The most level-headed LGBT Anglicans have asked the church to step back, give a listen and take another look at some moral teachings. Fair enough. Would you do the same with your final characterization of orthodoxy, that it is all about “non-acceptance of gays and lesbians”? We all say NO, sometimes in major ways, to people we love. Spouses, children, parents, friends – we can love someone, live with them in considerably intimacy and see them as no better or worse than ourselves while saying, “What you are asking of me, I cannot give cheerfully or sincerely.” The less level-headed LGBT activists in the Anglican Communion, IMO, have demanded an offering under compulsion rather than a cheerful gift from a convinced church (II Cor. 9).

                Thanks for your time. I like what Peter is doing on this site, because it slows down the reflexive absolutes if we let it. Sigh. If only he’d run “the Windsor process”, maybe we’d all be in a better place as a church.

                • Hi Timothy,

                  I do think, from reading your latest post, that we are speaking from different backgrounds and experiences, so have probably misunderstood one another in places.

                  I’m actually American, but married to a Brit, and I’ve lived in Scotland since 1995. I did go to an Episcopal church in CT right before moving across the pond, but other than that, I’m not too ‘up’ on the situation in the American Episcopal Church – I was raised in Southern Baptist and Grace Brethren Churches, and I honestly thought (until I attended that Episcopalian Church in CT!) that most Episcopalians couldn’t possibly be ‘real’ Christians’ (I cringe now, when I think back on my presumption and pride).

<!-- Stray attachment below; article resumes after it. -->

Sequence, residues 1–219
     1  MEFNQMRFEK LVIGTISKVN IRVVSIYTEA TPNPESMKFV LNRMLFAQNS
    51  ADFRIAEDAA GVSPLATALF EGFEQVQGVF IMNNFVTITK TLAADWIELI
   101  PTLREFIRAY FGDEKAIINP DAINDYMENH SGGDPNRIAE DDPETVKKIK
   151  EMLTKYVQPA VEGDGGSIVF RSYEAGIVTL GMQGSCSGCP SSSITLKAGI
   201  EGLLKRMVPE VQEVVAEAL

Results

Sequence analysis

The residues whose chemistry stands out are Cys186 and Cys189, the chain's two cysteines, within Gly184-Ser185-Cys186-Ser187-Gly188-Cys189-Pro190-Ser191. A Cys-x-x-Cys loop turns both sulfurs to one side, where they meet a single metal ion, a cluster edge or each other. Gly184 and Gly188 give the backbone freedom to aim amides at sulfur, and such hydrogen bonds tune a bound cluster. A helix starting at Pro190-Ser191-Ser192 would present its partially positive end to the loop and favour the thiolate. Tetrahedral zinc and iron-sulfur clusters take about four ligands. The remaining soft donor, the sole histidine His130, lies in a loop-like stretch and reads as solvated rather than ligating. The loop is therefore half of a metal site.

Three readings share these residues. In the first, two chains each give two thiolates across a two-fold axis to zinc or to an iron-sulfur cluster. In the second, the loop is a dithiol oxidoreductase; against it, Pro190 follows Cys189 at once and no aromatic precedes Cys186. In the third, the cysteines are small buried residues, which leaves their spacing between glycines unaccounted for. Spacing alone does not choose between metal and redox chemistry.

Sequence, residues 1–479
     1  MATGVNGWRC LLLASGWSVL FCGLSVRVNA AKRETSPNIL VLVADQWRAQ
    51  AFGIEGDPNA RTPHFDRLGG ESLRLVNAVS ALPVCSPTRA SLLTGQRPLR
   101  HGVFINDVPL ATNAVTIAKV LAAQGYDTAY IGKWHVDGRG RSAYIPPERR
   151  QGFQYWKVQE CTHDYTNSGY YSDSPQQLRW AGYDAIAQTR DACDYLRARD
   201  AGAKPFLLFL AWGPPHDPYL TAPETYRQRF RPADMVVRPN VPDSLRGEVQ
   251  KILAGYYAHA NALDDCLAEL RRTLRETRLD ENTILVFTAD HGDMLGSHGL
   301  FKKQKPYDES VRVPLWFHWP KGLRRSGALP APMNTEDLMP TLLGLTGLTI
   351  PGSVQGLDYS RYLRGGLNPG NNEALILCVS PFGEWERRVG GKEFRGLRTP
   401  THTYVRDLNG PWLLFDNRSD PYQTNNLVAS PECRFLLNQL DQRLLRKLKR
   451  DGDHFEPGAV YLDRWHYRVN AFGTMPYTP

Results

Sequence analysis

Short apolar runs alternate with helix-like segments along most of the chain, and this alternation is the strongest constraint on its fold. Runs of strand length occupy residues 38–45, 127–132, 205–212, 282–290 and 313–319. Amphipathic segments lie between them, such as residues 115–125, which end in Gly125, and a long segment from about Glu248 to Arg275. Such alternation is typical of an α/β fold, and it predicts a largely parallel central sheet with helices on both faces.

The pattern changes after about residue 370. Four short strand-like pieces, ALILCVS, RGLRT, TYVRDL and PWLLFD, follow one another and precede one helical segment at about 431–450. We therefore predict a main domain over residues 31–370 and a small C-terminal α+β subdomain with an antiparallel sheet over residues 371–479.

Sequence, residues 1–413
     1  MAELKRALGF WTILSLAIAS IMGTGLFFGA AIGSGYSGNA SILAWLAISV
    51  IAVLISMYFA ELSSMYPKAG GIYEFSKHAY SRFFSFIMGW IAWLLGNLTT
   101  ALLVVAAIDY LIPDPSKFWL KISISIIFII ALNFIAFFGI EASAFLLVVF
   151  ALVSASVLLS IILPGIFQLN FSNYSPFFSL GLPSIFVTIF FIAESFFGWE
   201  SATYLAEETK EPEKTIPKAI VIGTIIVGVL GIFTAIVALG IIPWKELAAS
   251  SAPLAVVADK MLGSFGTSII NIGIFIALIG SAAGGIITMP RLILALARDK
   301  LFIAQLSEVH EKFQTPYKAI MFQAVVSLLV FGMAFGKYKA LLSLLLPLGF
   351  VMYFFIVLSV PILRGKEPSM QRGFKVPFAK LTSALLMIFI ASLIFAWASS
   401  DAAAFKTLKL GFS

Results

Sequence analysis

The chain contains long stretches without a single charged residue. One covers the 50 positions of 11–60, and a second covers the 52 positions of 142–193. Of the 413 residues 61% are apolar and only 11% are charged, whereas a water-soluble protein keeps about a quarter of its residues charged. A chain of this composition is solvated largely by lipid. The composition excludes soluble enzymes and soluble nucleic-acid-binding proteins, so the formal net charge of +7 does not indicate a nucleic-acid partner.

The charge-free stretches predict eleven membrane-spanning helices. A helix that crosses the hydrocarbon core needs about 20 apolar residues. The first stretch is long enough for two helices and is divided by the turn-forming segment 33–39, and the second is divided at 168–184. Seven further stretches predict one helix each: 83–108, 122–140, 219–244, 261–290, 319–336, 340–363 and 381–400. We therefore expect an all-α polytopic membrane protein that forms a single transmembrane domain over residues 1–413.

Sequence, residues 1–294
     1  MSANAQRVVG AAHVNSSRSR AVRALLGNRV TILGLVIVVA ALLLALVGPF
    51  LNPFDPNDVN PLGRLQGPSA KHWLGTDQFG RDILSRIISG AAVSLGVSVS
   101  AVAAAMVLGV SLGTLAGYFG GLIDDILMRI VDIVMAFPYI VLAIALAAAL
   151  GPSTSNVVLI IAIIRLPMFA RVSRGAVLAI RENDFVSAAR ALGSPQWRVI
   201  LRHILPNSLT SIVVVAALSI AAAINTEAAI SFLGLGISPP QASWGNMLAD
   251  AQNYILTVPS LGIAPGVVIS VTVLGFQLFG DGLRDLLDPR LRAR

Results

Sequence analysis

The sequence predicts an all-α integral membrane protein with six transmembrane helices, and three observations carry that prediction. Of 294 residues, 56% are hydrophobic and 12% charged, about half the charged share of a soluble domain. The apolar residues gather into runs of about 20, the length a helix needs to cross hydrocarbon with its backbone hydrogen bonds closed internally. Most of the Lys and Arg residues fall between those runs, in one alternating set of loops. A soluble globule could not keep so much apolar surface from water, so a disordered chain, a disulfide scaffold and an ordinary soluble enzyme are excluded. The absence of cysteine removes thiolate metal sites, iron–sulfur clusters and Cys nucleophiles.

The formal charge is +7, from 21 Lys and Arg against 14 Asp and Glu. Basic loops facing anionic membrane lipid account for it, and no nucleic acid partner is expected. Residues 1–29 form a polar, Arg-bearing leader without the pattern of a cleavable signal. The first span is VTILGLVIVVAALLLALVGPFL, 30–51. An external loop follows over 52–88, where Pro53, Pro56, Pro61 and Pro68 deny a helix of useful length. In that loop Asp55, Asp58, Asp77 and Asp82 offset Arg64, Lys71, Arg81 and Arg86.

My husband is a Church of Scotland minister, and as you may know, the C of S has just sustained the call of an openly gay minister to a church in Aberdeen. Directly after this, however, the C of S then declared a 2 year moratorium on gay and lesbian clergy either entering the ministry or moving charges, if they are currently in place.

                  I agree with you that we need to listen to and dialogue with one another, and that dialogue is impossible if one position is asserted as the monolithic ‘this is what ‘X’ Church, and all associated congregations believes’.

                  But when I wrote of the ‘non-acceptance of gays and lesbians’ – well, that is what the evangelicals within the C of S (at least some of them) want to insist on. Although the C of S is a broad church, the evangelicals are only happy within it, if everyone else is forced to abide by their (evangelical) religious convictions – hence this 2 year moratorium on further gay/lesbian inductions in the C of S.

                  From my perspective, in the C of S, Scott Rennie’s translation to Queen’s Cross is the single example of the liberal/progressive wing of the church being allowed to follow its own religious convictions – Queen’s Cross has been allowed to call a minister in accordance with its own understanding of Scripture.

                  Yet evangelicals are now threatening to leave/with hold money/etc.

                  That is – if we all don’t abide by THEIR interpretation of passages on homosexuality, they will (essentially) take their toys and go home (the ones who can afford to, anyway).

                  So I don’t think my comment about the lack of acceptance of gays and lesbians was inaccurate – that is the monolithic position of many C of S evangelicals. They are unwilling to, and are strongly fighting against, being a part of a church which accepts that people have a variety of views on the issue of homosexuality – and that those people should be allowed to follow their own conscience, as they feel God is leading them.